I dismantled the lights to be even smaller and bent the lights to point the other way.  I wanted to have the button facing outward in my palm.

I found a chunk of nylon plastic that I cut and sanded into a pair of discs.  I drilled holes in the bottom for the LEDs.

The whole assembly fits comfortably into my falm with the glove in place.

Wednesday, April 24, 2013

On cosplay, physical appearance, and chainsaw disfigurement

I've got some time on my hands as I'm proctoring a state test, so I wanted to share a moment that I had a couple of weeks ago.  I was helping my father chop down parts of a tree that had been growing up and over the house over the past 25 years.  It was the kind of thing where we would look at the thing every couple years and say, "Yup. That'll have to come down some day."  Naturally, we waited until the tree was a monster and the process of removing it would be slightly on the side of lunacy.

I found myself balancing myself on a narrow rooftop, trying to start a chainsaw to hand to my father, who was dangling from a makeshift harness from a branch in the very tree we were trying to dismember.  As I pulled on the starter handle, I lost my balance, let go of the handle, and the chainsaw flew directly into my nose.  I immediately started bleeding everywhere.

My very first thought, before I worried about the tree or my personal health, was that I had done a Tyrion Lannister/Battle of the Blackwater facial modification to myself and that I would be cosplaying with a mask for the rest of my days.  The good news was that the wound wasn't as horrific as I estimated.  I'll have a small scar on my nose and I have since considered myself lucky not to have caught the saw with my eye socket or teeth.

In the past several months, I feel that I've gotten more in touch with my own personal appearance.  I've lost over 20 pounds and am now overly concerned with marring my face.  And it is all because of cosplay.  I lost weight to fit into a morph suit for my Mega Man costume and I've been more and more interested in portraying Tony Stark.  I am wondering if anyone else has had this kind of realization.

Foam Man!

It doesn't exactly have the same ring to it and it is certainly not as protective as the real thing, but I've finally decided to try my hand at making some Iron Man armor out of EVA foam.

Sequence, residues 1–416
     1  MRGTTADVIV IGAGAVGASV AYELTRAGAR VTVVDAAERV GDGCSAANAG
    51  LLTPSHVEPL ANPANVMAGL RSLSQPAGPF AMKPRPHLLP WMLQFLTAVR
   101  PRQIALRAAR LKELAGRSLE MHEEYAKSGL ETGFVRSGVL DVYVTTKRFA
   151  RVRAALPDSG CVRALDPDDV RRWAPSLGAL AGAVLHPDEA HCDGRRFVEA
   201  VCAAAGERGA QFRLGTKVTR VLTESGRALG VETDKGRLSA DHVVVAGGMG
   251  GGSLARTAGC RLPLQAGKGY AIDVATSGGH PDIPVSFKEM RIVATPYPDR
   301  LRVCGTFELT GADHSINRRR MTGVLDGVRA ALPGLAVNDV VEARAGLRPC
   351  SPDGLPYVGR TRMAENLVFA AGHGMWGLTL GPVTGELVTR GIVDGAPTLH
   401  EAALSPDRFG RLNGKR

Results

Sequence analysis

I want to have a costume to wear for the opening of Iron Man 3 next week, so I decided on doing the boots and gloves for the shot of Tony standing with his suits of armor.  I don't have enough time to do a full suit, and this is my first real experience working with foam, so I thought this would be the right size of a project.

The pepakura files for this project came from the RPF user jackieisrockin and we designed to be used with EVA foam.  The main difference with normal pepakura files is that the tabs and pieces that add depth have been removed.

The only other thing to be careful of is the thickness of the foam.  I've actually got a sheet of foam that is closer to 3/8" thick and I think it is too thick.  Also, some of the parts are meant to lay over the top of others and I went with some 3mm craft foam.  The trade offs here are stability vs. thickness as an entire piece made of craft foam is too wobbly.  The glove parts, for example, are craft foam because of how small and articulated the parts are.

Thus far, I've got most of a boot, a forearm, and a bunch of glove parts.  I am also planning on making a helmet for my Pepper Potts (wife) to carry around.

Saturday, April 20, 2013

Arc Reactor Upgrade!

I started with the Think Geek arc reactor.  I found an image of the new arc reactor and scaled it to the size of the one I already had.

The triangular section was printed and cut out in card stock.

I traced the design onto some plastic I had from a Thai food container.

The plastic from the old piece was trimmed and the new plastic was inserted behind it.

Assembled, no lights.

Powered up.

Hooray!  No more of that pesky palladium poisoning.  It's certainly not perfect.  The LEDs are spread out to accommodate the old piece, but there's a decent amount of light diffusing through the white portion to make it look good.